ATTITUDE OF THE U.S.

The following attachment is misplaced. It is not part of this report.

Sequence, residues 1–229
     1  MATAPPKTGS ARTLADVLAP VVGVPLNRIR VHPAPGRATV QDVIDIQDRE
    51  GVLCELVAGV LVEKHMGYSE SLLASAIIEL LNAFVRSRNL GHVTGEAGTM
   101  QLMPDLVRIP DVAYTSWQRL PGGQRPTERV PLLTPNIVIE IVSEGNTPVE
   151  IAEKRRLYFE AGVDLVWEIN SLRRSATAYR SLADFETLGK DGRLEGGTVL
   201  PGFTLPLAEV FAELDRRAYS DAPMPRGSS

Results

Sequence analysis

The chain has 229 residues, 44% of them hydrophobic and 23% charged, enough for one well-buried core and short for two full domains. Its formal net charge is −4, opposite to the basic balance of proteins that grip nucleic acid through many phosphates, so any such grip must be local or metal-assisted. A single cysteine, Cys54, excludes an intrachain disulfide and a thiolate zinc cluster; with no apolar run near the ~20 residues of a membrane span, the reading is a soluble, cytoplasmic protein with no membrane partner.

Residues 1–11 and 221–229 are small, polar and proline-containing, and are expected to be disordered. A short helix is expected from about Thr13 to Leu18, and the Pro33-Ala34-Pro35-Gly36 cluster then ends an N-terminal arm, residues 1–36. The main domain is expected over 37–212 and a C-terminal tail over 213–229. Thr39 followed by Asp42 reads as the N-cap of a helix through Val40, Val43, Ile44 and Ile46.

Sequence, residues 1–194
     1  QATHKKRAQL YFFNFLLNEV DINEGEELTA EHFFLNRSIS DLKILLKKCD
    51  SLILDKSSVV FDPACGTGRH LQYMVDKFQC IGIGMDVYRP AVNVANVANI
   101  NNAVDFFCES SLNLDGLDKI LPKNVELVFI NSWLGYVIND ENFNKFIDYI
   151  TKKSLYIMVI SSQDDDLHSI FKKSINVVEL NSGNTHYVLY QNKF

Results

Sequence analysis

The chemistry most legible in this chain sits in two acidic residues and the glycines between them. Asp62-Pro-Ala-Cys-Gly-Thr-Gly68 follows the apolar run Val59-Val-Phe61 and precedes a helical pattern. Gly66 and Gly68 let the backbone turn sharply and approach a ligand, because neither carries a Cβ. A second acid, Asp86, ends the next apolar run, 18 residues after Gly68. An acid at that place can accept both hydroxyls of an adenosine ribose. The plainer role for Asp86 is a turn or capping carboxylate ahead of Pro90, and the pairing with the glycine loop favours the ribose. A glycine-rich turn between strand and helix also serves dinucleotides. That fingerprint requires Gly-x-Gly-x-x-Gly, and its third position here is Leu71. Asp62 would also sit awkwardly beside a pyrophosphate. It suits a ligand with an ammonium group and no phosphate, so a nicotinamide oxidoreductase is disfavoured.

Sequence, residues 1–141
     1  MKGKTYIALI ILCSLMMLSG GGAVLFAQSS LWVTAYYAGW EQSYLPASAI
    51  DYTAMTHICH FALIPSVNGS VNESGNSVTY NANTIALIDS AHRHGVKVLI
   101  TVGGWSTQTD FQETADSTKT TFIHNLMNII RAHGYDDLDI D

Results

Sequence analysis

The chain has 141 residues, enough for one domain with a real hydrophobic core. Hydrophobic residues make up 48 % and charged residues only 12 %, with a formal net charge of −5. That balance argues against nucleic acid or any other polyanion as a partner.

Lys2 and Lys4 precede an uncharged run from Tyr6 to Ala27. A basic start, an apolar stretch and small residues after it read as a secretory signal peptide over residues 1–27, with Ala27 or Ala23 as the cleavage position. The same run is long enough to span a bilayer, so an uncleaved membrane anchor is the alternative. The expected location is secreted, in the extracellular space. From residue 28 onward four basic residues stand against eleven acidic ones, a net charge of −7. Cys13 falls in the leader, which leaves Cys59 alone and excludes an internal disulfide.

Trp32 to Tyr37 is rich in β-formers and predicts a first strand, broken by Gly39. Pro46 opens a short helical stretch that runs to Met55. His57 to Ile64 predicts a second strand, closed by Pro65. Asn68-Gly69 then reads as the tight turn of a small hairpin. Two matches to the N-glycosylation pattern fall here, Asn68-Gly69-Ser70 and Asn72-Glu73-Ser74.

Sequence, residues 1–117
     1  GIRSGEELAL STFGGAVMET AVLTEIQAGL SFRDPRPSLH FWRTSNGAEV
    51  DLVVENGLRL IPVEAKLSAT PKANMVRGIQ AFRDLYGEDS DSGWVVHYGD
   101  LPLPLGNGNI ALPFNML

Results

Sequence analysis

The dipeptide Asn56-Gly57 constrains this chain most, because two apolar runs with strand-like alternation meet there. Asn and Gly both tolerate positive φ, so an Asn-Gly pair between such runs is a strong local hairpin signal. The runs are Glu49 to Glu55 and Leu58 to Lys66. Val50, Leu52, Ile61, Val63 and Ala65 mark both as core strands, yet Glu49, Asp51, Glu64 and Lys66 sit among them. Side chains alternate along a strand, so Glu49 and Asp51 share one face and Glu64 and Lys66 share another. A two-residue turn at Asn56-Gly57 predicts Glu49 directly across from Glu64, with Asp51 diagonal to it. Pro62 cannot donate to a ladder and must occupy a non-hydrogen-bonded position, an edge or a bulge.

It is very difficult to determine the right moment and the right conditions for a World Conference, but—and the point serves to show how Party politics may be an impedi. ment to international ca-operation—there was general agreement from the moment that the question of a World Economic Conference was first mooted that it would be impossible to hold it until after the Presidential Election in the United. States was over. That event has now taken place, and whatever may be the results following the new regime there should be a greater disposition to approach economic and financial problems in a spirit detached from Party politics. And that there is need for such a spirit there can be no question even from the standpoint of the United States, for it will require all the energy of the new administration to take the necessary steps, including the facing of a huge Budget deficit, to maintain the confidence of the American people and to bring about even a local trade revival on a scale sufficient to bring down substan- tially the figures of the unemployed. For in all countries, and especially in the United States, I think it will be found that owing to the great impetus given to machinery and mass production during the War and post-War period it will require a tremendous increase in the purchasing power of the consumer to keep pace with the forces which have made for increased production.